Other countries have tried an inter-ministerial steering committee approach, wherein the committee conducts and maintains a dialogue with other ministries and regular professional associations and institutions of the private sector.

    Still another approach which has been tried by some Asian countries is combining tourism and culture into a single ministry. The verdicrt is still out on this institutional design.

    There are certain creative activities where a single agency is best (the less bureacracy, the better), like the cinema, in which experience shows that a single council or commission has worked to produce high achievement and spur advancement. Australia’s success with its film commission to win prestige and recognition internationally merits emulation. Many countries have a government-funded film body today.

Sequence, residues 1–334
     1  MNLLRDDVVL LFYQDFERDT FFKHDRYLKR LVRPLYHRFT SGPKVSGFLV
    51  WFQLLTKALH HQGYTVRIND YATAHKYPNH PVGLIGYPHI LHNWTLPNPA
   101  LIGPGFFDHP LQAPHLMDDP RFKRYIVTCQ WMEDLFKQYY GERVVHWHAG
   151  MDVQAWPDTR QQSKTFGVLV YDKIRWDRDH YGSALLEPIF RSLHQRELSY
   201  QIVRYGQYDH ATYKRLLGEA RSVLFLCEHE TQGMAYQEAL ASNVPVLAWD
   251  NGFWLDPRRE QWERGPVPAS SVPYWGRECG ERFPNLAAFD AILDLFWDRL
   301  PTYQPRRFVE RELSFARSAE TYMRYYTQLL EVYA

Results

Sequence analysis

In the case of music, the work of academies and associations of musicians is significant and highly prized.

    New law is needed

    The question whether the National Commission on Culture and the Arts (NCCA), as created by law and currently organized, is adequate to promote the development of the Philippine creative economy must clearly be examined and discussed at length

    The law is obsolete, having been created before digitization and other major technological developments that are now integral to the creative economy. The enabling act contains a provision that sits a senator as a commission member, who has more weight than the other commissioners.

    The NCCA, in its work and program, leaves out many creative industries that are well- recognized as part of the creative economy. Advertising and design, for instance.